No, said the High Court in David Scott v LGBT Foundation Ltd  EWHC 483 (QB) (3 March 2020). The court ruled that oral disclosures do not qualify as ‘data’ and do not fall within the scope of data protection laws.
The facts of the oral disclosure case:
- The LGBT Foundation is a charity that provides providing a wide range of services including counselling.
- Mr Scott referred himself to LGBT and he disclosed his substance abuse and self-harm during an assessmemt.
- The charity was concerned about his significant risk of suicide or other substantial self-harm.
- Because of this concernt, the charity called Mr Scott’s GP and shared this information with the GP over the phone.
- The call was entered into the GP’s records, but no documents or written records were shared with the GP by the charity and the communication wasentirely verbal.
- The charity had a policy. which was set out in the self-referral form, that they would break confidentiality without consent if they had a serious concern about an individual.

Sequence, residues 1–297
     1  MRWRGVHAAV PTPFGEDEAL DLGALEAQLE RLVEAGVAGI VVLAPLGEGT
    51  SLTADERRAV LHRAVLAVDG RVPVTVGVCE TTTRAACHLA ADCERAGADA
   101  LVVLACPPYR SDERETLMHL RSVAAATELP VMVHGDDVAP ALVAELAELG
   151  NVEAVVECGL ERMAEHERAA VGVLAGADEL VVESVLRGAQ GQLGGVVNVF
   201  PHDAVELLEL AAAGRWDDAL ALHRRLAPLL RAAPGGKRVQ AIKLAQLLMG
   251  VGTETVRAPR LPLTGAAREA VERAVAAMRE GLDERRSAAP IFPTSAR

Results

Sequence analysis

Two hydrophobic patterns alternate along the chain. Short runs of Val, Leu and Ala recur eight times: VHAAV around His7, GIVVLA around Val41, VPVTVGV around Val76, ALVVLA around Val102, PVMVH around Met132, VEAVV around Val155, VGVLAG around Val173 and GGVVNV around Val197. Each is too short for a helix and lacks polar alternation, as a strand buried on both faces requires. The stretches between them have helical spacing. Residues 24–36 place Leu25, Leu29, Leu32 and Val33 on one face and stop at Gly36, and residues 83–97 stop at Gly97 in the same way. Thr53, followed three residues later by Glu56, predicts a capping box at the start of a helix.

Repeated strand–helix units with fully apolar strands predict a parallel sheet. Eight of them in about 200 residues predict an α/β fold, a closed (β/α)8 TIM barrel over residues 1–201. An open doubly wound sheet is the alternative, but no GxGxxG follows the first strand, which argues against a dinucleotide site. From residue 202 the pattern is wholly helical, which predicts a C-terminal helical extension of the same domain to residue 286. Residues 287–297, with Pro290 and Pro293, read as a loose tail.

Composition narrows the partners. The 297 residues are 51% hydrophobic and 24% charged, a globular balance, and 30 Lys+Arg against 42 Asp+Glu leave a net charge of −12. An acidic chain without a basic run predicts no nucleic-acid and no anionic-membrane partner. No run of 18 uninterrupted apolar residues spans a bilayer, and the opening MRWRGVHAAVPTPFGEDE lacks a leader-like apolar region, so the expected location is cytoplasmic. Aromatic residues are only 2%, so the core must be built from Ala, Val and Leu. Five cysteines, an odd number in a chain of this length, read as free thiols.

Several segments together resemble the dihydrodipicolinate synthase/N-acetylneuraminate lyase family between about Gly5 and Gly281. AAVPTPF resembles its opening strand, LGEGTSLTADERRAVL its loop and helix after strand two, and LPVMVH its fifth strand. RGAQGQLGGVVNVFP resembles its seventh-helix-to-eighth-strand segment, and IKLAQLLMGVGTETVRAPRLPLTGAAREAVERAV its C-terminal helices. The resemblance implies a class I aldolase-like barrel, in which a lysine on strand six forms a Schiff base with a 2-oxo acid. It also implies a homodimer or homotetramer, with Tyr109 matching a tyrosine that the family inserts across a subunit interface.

The data breach claim:
Mr Scott claimed that the oral disclosure by the charity to his GP practice was a breach of the Data Protection Act 1998, among other things.
The DPA 1998 was in force at the time of the disclosure. It has since been repealled and replaced by the Data Protection Act 2018 and the UK GDPR.
The court held that an oral disclosure of information did not breach the DPA 1998 and the claim should be struck out. The Court made it clear in its decision that the definition of “data” under the DPA 1998 is limited to information that is recorded electronically or manually, it does not extend to oral information. The court said that “this Directive shall apply to the processing of personal data wholly or partly by automatic means, and to the processing otherwise than by automatic means of personal data which form part of a filing system or are intended to form part of a filing system”.
The court went on to say that even if the DPA 1998 were to apply to the disclosure, the disclosure was lawful because it was necessary in order to protect the ‘vital interests’ of Mr Scott — he had a high risk of suicide or other substantial self-harm.
So, is oral disclosure a data breach?
Oral information is not ‘data’ under the UK GDPR or the DPA.
An oral disclosure, therefore, is not a data breach.
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